Dreamscaper’s storyline is centered around a young woman, Cassidy, struggling with repressive feelings of fear, isolation and loss among other things. Cassidy’s psychological journey is split between two modes of gameplay. When she is “asleep”, you enter her subconscious state tackling her nightmares (in the form of enemies to battle), unlock forgotten memories and acquire items to enhance her abilities. While Cassidy is awake, you are in non-combat, interacting with her living space, befriending neighborhood NPCs and learning about her passions that tie into the storyline.

This is the first Roguelite genre that I ever played. It encompasses randomized dungeon crawls where a final monster awaits to battle while also employing a permadeath mechanic if you fail. You start the dungeon dream cycle over if you die but still retain items, collections and achievements from previous runs. The reviews are mixed as far as difficulty is concerned. I didn’t seem to quite grasp what I needed to do until two hours in playing the game. There are mechanic patterns for enemies that need to be learned and executed correctly in order to complete the dungeons.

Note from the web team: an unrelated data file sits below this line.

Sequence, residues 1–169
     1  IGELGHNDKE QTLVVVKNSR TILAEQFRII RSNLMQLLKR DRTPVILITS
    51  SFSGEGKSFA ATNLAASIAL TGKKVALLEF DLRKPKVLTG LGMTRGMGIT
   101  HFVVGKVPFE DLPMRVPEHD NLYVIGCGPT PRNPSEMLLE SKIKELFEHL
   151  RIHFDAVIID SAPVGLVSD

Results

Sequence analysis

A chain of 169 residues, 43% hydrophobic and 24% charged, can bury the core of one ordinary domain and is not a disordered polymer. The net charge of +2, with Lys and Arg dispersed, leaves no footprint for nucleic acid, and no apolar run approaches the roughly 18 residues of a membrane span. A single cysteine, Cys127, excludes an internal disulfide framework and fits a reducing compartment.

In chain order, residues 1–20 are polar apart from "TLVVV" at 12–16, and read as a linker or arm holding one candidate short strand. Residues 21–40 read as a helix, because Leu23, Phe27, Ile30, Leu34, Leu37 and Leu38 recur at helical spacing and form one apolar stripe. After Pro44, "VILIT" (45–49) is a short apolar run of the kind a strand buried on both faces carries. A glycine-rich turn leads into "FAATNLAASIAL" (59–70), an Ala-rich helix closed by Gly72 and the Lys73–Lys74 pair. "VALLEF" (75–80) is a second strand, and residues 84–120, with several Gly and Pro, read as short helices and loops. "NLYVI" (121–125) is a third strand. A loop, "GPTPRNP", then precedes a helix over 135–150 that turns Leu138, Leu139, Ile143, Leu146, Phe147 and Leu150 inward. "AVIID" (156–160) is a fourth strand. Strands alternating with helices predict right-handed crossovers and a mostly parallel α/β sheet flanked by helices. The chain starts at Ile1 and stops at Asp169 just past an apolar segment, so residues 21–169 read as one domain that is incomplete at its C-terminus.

I was compelled to play Dreamscaper due to the heavy psychological story behind it. However, the repetitiveness of starting over each time upon failing the final boss mechanics made it a bit stressful to keep up with the complexity of the story. Nearly two hours in, I was exhausted and lost track of what I learned about Cassidy, herself. Those familiar with the Roguelike and Roguelite genres will probably zap through this game. If you’re not good with pattern or puzzle mechanics, you’ll probably be in for a good struggle in the beginning.